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Financial pressure to show short-term results also affects the pharmaceutical industry, from Big Pharma to small biotech.
Stop issuing quarterly earnings reports. That was the recommendation of the US Chamber of Commerce's report released in early March. It is one of the best business proposals I've heard in a while. And the idea, applied more broadly, would be good for biopharmaceuticals.
The idea is not new, but what is compelling this time is that the message came from the chamber's bipartisan Commission for the Regulation of US Markets in the 21st Century, an influential group of industry insiders and policy pundits. Publicly listed companies are not legally required to issue quarterly earnings reports; but they are pressured to do so by the investment community, and everyone is afraid not to. However, the focus on quarterly earnings encourages companies to make shortsighted decisions to ensure that current numbers look good, even when that means sacrificing investment in long-term gains. Sometimes, it even encourages people to engage in illegal actions, such as recording sales before they happen.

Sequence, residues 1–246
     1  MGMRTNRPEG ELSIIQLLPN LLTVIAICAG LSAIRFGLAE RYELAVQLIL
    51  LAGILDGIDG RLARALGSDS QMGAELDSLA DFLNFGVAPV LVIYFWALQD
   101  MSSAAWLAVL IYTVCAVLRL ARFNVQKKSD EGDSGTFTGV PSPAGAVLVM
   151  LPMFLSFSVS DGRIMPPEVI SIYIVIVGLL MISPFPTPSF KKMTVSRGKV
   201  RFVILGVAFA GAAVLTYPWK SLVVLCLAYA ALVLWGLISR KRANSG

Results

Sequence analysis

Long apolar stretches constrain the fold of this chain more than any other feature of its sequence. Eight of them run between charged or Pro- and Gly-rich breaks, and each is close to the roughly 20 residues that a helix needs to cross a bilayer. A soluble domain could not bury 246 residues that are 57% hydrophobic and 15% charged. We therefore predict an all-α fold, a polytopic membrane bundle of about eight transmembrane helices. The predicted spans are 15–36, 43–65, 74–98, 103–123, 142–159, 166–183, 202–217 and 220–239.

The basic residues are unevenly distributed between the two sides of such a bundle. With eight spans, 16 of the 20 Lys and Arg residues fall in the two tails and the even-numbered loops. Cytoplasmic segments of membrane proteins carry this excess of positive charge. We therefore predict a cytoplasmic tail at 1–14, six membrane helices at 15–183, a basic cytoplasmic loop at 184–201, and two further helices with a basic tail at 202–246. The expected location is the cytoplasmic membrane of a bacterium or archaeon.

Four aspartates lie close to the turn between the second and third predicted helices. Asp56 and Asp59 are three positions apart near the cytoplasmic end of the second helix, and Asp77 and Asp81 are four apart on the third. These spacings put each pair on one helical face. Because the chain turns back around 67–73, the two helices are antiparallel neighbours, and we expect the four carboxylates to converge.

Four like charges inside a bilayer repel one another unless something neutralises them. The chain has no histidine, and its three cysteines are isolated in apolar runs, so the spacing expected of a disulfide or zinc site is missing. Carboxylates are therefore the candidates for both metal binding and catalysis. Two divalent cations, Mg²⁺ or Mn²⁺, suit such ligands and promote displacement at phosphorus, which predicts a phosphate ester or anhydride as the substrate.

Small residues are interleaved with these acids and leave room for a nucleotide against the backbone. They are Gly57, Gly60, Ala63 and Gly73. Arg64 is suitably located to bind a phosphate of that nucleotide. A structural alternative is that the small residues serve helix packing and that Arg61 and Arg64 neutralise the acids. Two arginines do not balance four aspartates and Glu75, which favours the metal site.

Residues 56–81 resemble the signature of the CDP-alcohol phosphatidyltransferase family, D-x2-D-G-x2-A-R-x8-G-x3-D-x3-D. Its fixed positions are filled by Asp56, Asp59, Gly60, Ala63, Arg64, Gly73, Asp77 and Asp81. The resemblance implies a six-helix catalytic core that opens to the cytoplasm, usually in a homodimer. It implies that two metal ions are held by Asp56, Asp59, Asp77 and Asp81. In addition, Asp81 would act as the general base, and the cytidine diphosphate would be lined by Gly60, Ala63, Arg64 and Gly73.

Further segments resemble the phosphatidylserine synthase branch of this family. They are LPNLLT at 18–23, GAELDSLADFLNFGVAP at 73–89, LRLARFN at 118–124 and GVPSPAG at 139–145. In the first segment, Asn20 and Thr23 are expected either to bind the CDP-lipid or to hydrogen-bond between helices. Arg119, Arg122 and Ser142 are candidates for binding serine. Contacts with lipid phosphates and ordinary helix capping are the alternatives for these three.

Financial pressure to show short-term results also affects the pharmaceutical industry, from Big Pharma to small biotech. In a recent presentation, Roger M. Perlmutter, MD, PhD, executive vice president of research and development at Amgen, encouraged the industry to think not about short-term profits, but about what matters in the long term. "Focus on grievous illness," he said. "Focus on treating sick people and making them better, not on making modest improvements in existing treatments that don't matter." The speech was delivered at the Society for Biological Engineering's First Annual Conference on Accelerating Biopharmaceutical Development, held in San Diego, March 19–22.
Although Perlmutter focused on long-term concerns, he expressed a strong sense of urgency for industry—particularly Big Biotech and Big Pharma—to rethink its approach to drug innovation. Citing the case of Amgen's 1995 discovery of osteoprogerin, which may lead to an approved drug in 2010 to treat patients with bone loss, he said the process was too slow and too indirect. "Can we afford to wait decades?" he asked rhetorically. "We are all patients someday. What are we waiting for?"
Of course, improving drug discovery is a complex challenge. As Perlmutter pointed out, one of the biggest problems is the lack of correlation between preclinical and clinical data; we need better clinical models and better tools for elucidating a drug's mechanism of action. But a key first step is focusing on the right thing: meeting the long-term needs of patients.
Perlmutter's message, of course, is aimed at the big industry players, who have a level of financial self-determination that the small biotechs don't share. Unless these large organizations regain some of their discovery productivity, the short-term results may not be sustainable.
Laura Bush is the editor in chief of BioPharm International, email@example.com